Tips on Salvaging Hardwood Floors

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Older hardwood floors offer many advantages.

First, because they were often constructed of old growth timber, they typically boast a tighter, stronger grain.

Second, old hardwood floors were often installed with wide planks, which are definitely “in” these days.

Finally, you just can’t fake the rich patina of old hardwood floors; that kind of luscious coloring only comes with age.

If you’re remodeling a home, why not take advantage of these unique features by reusing your old wood floor?

As a top West Coast demolition contractor, we encourage clients to reuse as much as possible in remodeling projects. Saving that old wood floor not only makes sense from stylistic and cost perspectives; it also helps reduce the amount of demolition and construction debris sent to landfills.

You can salvage old wood floors by following the tips we’ve gathered below.


Remodeling: Demolition Contractors’ Tips on Salvaging Wood Floors & Beams

Tools Required for Salvaging Wood Floors & Beams

  • Pry bar
  • Locking pliers
  • Protective gloves and safety eyewear
  • Two final must-have ingredients: Time and patience. Rushing this demolition job will only make salvaged wood flooring harder to reinstall in its new location.


Preliminary Considerations for Salvaging Wood Floors

  • Lumber longer than 6’ will be easiest to salvage
  • Make sure thickness of hardwood floors is enough to justify salvaging. You’ll want at least 1/8 inch of wood left on the top tab of the flooring’s groove side.
  • Ascertain the direction of the tongue-and-groove installation, so that you can work in the opposite direction as you remove the flooring.
  • Expose the unfinished, cut edge of the flooring by pulling up the heat vents. One hint: Look for face holes along a wall; this is usually the groove edge of the boards.\


How to Pull Up Old Wood Floors for Salvaging

  1. Use your pry bar to remove baseboards. These may also be reused if you are careful and don’t damage them during removal.
  2. Pry up a board with an exposed tongue. Near a nail, slide the pry bar underneath the board and elevate about ¼ inch. Then move to the next nail and do the same thing. Note: Patience is critical in this process. If you lift too much at once, you risk splitting the board or harming the tongue. For especially stubborn nails, try rocking the pry bar back and forth to loosen. If this doesn’t work you may need to use a reciprocal saw to slice the nail.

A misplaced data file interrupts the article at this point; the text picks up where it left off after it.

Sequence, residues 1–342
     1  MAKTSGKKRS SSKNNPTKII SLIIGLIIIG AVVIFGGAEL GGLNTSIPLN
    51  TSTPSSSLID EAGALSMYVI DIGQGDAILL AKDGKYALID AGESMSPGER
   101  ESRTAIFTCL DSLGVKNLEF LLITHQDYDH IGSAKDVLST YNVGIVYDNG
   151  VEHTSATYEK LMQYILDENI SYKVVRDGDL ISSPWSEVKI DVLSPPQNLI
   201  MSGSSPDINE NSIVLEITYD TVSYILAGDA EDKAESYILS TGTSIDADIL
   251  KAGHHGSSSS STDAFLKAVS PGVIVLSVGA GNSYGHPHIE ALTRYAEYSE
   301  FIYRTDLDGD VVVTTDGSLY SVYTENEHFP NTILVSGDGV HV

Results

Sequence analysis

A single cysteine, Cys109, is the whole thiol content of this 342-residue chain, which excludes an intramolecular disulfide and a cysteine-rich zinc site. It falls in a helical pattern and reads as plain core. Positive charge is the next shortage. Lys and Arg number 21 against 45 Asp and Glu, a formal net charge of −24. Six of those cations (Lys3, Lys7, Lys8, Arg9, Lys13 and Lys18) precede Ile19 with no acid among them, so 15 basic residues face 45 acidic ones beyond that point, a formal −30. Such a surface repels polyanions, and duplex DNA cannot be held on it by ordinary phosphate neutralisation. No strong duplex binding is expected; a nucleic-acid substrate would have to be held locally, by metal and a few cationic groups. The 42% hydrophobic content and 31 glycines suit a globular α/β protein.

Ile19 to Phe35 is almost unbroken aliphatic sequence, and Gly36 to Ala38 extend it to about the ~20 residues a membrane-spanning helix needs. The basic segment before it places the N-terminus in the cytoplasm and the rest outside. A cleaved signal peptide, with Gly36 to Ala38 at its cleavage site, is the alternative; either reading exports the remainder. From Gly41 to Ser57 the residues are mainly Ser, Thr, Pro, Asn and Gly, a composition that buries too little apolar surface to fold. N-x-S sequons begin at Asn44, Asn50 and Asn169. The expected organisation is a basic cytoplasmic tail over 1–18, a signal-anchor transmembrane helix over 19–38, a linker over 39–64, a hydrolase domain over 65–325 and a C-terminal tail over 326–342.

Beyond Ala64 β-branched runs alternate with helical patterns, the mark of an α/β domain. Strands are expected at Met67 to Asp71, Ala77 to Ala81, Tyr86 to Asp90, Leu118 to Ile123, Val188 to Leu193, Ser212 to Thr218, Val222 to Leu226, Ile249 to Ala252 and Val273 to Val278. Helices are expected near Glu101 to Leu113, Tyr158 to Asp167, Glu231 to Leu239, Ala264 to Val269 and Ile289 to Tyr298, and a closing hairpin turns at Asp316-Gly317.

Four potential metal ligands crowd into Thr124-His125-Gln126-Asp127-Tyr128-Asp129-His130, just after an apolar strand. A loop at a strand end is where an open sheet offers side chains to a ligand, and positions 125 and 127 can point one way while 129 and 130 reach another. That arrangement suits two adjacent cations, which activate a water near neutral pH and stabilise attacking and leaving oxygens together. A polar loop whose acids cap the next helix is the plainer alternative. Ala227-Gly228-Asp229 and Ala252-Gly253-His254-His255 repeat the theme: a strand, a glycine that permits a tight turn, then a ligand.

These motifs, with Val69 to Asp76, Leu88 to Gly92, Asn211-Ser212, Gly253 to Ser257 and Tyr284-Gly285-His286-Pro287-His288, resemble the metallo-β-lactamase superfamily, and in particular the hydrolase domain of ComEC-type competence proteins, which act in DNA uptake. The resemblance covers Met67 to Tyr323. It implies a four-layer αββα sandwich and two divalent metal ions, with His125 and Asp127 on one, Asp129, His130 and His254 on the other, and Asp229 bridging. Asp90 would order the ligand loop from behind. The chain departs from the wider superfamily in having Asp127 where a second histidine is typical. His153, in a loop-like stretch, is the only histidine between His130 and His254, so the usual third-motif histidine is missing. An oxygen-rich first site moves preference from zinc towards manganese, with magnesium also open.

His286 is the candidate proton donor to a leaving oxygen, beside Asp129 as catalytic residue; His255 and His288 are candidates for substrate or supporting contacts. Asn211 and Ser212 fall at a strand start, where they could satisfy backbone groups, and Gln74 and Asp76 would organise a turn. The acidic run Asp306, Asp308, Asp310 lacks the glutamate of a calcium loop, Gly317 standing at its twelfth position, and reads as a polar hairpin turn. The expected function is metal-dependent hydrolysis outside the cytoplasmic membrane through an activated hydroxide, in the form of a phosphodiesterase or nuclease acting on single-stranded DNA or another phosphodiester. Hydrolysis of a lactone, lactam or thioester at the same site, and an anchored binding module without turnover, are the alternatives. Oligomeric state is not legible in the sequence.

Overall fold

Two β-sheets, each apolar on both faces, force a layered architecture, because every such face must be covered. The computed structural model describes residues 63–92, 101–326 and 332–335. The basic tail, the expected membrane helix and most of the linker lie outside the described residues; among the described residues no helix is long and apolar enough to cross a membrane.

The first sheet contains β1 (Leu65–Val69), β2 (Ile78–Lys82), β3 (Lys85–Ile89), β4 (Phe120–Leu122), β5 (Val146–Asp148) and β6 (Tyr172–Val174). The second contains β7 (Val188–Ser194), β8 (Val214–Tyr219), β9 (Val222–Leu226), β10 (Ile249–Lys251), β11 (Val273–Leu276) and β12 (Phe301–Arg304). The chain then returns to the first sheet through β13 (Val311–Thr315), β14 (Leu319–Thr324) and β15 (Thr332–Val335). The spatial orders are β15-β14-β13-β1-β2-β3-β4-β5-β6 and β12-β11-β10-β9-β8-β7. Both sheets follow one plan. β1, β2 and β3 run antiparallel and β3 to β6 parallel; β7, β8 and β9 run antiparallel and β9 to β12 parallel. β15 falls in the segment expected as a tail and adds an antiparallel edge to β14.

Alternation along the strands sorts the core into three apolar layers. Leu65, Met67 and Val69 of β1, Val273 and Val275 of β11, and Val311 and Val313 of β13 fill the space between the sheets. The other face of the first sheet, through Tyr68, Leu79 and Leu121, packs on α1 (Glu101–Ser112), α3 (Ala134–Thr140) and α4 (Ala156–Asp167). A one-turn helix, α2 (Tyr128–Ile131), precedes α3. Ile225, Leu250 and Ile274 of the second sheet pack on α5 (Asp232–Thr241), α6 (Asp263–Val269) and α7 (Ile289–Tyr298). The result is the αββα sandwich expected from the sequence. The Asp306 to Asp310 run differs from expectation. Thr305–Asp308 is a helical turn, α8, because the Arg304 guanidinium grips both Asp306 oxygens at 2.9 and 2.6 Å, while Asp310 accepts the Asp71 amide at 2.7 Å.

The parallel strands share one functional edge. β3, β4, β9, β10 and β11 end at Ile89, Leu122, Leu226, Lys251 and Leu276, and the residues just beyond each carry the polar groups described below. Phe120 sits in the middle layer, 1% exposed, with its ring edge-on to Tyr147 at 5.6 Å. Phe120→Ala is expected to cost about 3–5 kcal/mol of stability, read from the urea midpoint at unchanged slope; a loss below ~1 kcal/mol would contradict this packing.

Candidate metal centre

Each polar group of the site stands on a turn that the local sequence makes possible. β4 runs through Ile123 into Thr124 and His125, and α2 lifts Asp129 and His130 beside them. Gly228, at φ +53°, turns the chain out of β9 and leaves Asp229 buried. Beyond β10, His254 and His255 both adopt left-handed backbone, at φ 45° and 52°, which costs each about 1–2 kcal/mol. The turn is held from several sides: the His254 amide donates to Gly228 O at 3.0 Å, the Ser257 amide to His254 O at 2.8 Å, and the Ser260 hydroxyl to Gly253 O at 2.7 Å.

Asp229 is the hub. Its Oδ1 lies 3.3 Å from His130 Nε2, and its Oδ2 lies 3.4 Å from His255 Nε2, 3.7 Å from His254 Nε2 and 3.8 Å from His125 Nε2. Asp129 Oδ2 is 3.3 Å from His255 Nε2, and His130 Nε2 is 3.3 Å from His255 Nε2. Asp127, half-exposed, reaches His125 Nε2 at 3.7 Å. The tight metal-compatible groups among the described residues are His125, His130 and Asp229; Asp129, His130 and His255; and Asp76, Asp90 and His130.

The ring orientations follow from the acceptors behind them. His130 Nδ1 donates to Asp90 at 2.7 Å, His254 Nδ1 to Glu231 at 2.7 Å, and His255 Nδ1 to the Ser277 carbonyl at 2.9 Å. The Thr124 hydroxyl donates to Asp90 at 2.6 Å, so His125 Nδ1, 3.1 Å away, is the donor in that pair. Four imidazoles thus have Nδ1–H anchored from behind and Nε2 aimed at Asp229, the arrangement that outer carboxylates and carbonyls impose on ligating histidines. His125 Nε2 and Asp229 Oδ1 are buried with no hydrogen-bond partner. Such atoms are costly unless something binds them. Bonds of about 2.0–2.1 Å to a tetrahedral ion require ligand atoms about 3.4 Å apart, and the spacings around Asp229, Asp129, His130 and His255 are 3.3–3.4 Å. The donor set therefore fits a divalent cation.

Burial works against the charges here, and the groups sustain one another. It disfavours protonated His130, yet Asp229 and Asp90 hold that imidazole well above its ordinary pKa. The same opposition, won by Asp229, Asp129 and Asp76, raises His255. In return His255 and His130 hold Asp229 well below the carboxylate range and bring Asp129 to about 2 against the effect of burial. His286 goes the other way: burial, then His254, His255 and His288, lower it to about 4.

3. Go back to where you started and repeat the above process. Do this until the board can be lifted clean away. Pull out old nails and dispose of them properly, so that they don’t pose a safety threat to tender feet.
  4. Continue to pry away the boards in the room, taking care not to damage the tongue and groove portions. Dinged tongue and groove fasteners will be difficult to reconnect in a new installation.

If there isn’t room to insert your pry bar underneath the tongue of the first board, you can use a circular saw with a carbide blade to plunge-cut between two boards near the tongue side. Once the plunge cut is established, you can use your pry bar to pull up as many boards as necessary to expose the tongue edge.

Finally, know that you may be facing a pretty piece of work in cleaning the cracks between boards, where years of grime may have built up.


Where to Salvage (If Not Reusing in a New Project)

  • Material exchanges, such as Craigslist and eBay
  • Salvage stores and reuse stores such as Habitat for Humanity’s ReStores

By the way, your effort makes a big difference to the environment. Salvaging is quite significant, since 40% of this country’s trash stream is composed of construction and demolition debris.

In other words, as you sigh at the unique beauty of your new/old wood floor, you can also feel proud in your heart that you helped save the earth by keeping that old wood flooring out of the landfill.

  • Guest Author

    Greener Ideal strives to help you live your life in more sustainable ways with green living tips, healthy recipes and commentary on the latest environment news. The views expressed by guest authors are their own and may not reflect those of Greener Ideal.

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